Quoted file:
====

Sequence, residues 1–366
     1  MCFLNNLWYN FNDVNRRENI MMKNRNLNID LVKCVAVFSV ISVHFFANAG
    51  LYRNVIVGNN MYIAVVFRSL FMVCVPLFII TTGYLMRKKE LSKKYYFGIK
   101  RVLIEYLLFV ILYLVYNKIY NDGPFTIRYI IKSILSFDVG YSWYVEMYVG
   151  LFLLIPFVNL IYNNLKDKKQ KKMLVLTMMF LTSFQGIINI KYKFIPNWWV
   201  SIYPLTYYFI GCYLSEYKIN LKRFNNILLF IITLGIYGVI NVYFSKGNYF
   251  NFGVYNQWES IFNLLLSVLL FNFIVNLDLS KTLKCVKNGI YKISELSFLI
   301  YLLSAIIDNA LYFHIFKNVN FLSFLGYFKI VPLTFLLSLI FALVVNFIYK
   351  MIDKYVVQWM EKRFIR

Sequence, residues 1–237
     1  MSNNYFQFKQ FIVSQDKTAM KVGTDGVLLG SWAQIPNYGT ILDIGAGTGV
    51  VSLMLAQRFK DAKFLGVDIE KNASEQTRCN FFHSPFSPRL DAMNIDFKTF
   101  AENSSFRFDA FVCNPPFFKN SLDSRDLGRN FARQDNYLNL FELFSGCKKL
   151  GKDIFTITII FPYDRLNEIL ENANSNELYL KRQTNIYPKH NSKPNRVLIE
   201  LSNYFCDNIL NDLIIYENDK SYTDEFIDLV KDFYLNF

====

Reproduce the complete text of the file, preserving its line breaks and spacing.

Sequence, residues 1–366
     1  MCFLNNLWYN FNDVNRRENI MMKNRNLNID LVKCVAVFSV ISVHFFANAG
    51  LYRNVIVGNN MYIAVVFRSL FMVCVPLFII TTGYLMRKKE LSKKYYFGIK
   101  RVLIEYLLFV ILYLVYNKIY NDGPFTIRYI IKSILSFDVG YSWYVEMYVG
   151  LFLLIPFVNL IYNNLKDKKQ KKMLVLTMMF LTSFQGIINI KYKFIPNWWV
   201  SIYPLTYYFI GCYLSEYKIN LKRFNNILLF IITLGIYGVI NVYFSKGNYF
   251  NFGVYNQWES IFNLLLSVLL FNFIVNLDLS KTLKCVKNGI YKISELSFLI
   301  YLLSAIIDNA LYFHIFKNVN FLSFLGYFKI VPLTFLLSLI FALVVNFIYK
   351  MIDKYVVQWM EKRFIR

Sequence, residues 1–237
     1  MSNNYFQFKQ FIVSQDKTAM KVGTDGVLLG SWAQIPNYGT ILDIGAGTGV
    51  VSLMLAQRFK DAKFLGVDIE KNASEQTRCN FFHSPFSPRL DAMNIDFKTF
   101  AENSSFRFDA FVCNPPFFKN SLDSRDLGRN FARQDNYLNL FELFSGCKKL
   151  GKDIFTITII FPYDRLNEIL ENANSNELYL KRQTNIYPKH NSKPNRVLIE
   201  LSNYFCDNIL NDLIIYENDK SYTDEFIDLV KDFYLNF